Boy, I really hate selling. It’s lucky you don’t need to “sell” to freelance, otherwise I’d be broke.
Wait. Did I just say you don’t need to sell to freelance?
I did, and you don’t.
What’s wrong with selling?
Selling is fine—if you’re into that kind of thing. But I don’t think I’m alone in feeling uncomfortable with the idea of selling. More than a few freelancers are uneasy with it.
Many people who aren’t trained in sales see selling as a one-off, single-shot scenario where they either win or lose. They see making a sale as being about the up-front landing of the job, rather than the delivery of a fabulous product or service.
Whether they’re right or wrong, these kinds of perceptions can really jade a freelancer’s view of selling. Fortunately, there is an alternative.
What’s the alternative?
The solid, reliable way to freelance without selling is to make friends with your clients. Become genuine, give-and-take partners with clients, and you’ll find that:
- you don’t need to find excuses to stay in touch with them (and remain top of mind)
- you’ll find the path to pitching for work is smoothed—if indeed you have to pitch at all
- your partners are more willing to help you out if and when you need work
- you’re more likely to build self-sustaining, medium- to long-term work arrangements with them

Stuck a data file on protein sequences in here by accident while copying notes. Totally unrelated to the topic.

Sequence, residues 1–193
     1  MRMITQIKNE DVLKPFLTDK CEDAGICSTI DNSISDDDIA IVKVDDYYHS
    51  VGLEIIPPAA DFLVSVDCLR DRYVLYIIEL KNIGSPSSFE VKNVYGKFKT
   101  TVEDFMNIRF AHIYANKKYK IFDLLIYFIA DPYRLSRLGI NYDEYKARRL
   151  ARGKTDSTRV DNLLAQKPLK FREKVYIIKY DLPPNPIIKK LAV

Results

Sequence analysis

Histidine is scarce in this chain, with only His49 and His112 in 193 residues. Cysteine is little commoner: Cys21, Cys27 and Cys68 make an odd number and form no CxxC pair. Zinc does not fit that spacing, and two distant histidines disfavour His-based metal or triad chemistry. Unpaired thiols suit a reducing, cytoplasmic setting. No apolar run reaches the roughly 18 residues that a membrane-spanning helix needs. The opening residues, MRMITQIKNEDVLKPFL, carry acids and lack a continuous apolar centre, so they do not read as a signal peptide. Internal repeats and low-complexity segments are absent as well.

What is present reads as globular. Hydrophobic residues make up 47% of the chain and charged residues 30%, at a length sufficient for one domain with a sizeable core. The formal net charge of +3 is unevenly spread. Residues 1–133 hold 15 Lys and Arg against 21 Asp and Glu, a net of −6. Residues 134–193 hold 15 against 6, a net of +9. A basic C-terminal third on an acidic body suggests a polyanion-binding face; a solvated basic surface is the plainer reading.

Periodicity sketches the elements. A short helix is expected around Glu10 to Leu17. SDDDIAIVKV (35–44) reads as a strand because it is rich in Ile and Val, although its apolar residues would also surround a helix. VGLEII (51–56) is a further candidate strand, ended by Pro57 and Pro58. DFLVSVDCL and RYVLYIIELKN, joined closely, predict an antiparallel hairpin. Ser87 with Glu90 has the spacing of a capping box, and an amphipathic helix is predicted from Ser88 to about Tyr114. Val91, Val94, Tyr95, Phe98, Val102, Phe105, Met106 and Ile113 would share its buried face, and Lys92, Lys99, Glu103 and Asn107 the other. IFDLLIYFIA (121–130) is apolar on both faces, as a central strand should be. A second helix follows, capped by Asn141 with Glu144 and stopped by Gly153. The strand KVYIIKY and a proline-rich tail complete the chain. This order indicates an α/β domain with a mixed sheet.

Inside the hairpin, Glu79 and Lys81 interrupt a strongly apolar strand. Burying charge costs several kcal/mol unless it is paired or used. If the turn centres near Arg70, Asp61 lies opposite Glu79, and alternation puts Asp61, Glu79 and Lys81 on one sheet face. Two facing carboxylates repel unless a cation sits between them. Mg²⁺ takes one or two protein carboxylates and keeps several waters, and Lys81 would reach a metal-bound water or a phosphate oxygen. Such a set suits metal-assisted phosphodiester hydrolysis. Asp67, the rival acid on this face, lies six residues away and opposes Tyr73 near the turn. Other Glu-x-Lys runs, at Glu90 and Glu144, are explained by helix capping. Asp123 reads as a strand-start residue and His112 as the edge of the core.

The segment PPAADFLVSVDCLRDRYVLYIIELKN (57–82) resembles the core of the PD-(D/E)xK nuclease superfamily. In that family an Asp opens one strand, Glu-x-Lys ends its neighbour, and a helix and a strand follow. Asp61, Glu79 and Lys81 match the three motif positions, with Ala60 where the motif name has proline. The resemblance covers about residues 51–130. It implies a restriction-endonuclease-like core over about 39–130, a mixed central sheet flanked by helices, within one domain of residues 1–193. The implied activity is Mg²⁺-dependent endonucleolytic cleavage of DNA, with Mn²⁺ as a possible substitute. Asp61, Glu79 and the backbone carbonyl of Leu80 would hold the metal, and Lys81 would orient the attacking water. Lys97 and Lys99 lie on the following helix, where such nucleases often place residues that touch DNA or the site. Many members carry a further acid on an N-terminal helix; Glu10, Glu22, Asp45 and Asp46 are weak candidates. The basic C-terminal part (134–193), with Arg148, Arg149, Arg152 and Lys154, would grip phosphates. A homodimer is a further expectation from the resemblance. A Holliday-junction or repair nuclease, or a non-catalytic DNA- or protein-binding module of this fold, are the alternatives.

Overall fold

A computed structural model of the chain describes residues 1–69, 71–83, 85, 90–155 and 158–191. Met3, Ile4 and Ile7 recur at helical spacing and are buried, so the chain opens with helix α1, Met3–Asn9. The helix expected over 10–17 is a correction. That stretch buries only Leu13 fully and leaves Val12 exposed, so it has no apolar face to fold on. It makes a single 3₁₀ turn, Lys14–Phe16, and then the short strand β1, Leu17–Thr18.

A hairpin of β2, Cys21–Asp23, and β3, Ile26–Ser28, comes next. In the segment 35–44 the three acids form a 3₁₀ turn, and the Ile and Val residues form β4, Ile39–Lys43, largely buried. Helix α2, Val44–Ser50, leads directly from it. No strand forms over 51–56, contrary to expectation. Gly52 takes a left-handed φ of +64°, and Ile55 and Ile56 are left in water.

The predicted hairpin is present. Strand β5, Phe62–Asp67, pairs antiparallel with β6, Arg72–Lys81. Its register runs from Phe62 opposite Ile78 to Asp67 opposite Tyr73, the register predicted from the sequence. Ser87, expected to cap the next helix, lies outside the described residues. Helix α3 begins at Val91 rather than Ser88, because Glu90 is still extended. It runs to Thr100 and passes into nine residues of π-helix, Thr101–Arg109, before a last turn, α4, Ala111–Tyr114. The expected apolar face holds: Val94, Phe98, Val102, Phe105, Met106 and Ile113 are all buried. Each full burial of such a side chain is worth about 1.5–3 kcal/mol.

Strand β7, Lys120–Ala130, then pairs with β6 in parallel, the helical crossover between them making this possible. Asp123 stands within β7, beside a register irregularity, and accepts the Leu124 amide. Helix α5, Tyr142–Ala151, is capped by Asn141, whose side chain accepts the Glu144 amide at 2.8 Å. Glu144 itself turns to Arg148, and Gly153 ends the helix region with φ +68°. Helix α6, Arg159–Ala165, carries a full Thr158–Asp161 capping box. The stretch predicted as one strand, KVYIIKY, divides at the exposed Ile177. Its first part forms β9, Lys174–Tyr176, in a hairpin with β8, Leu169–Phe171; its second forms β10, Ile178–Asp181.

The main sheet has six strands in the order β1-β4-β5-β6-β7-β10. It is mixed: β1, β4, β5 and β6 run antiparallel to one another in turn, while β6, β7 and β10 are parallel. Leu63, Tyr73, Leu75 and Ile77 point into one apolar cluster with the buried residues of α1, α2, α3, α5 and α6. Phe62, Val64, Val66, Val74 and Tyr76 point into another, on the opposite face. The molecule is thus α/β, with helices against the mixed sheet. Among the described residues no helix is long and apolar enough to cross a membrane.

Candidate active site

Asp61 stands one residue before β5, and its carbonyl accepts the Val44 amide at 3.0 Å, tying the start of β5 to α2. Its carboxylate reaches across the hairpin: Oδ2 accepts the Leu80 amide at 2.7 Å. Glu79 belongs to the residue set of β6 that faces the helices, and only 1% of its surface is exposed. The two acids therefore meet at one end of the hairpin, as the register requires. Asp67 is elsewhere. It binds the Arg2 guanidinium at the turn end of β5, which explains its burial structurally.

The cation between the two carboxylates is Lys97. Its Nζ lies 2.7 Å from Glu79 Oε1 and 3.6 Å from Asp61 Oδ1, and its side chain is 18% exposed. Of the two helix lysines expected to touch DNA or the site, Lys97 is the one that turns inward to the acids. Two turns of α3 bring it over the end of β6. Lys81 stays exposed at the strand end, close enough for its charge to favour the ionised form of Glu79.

- they’re more likely to recommend you heartily to peers and contacts who need help from someone like you.
“Help” is really the key word here. The focus of this kind of relationship is assistance—helping clients get the kudos they deserve, helping them out of a tight spot, and helping them build customer relationships are examples of the help I’ve given my clients in recent weeks.
I didn’t “sell” this work—at least, not in the traditional, suit-and tie, hand-shaking, PowerPoint-and-handout sense. In most cases my clients simply emailed and asked me to do the work; in one or two I emailed through an idea that the client thought was worth doing.
And in a couple, I was sent the work by a peer.
Not just clients…
That’s the other great thing about this approach: you can use it across the board, with would-be clients, colleagues, ex-colleagues, people you know purely on a social basis … basically everyone.
We’re talking about forming friendships here, after all.
This allows you to be yourself at all times—you never have to switch into some kind of “sales mode” (if there is such a thing). And it means you don’t need to try to be “authentic”—who’s not authentic with their friends?!
And the best bit? The relationships you’ll form. This approach makes work fun. Making friends with your clients is a good way to automatically weed out the kinds of people you don’t get along with—people who don’t share your values, work ethic, or professional philosophy, for example. People who see you as a resource, rather than a human being. People who are no fun.
Do you see yourself as selling services, or as partnering with clients who are also friends? Give us your take on it in the comments.
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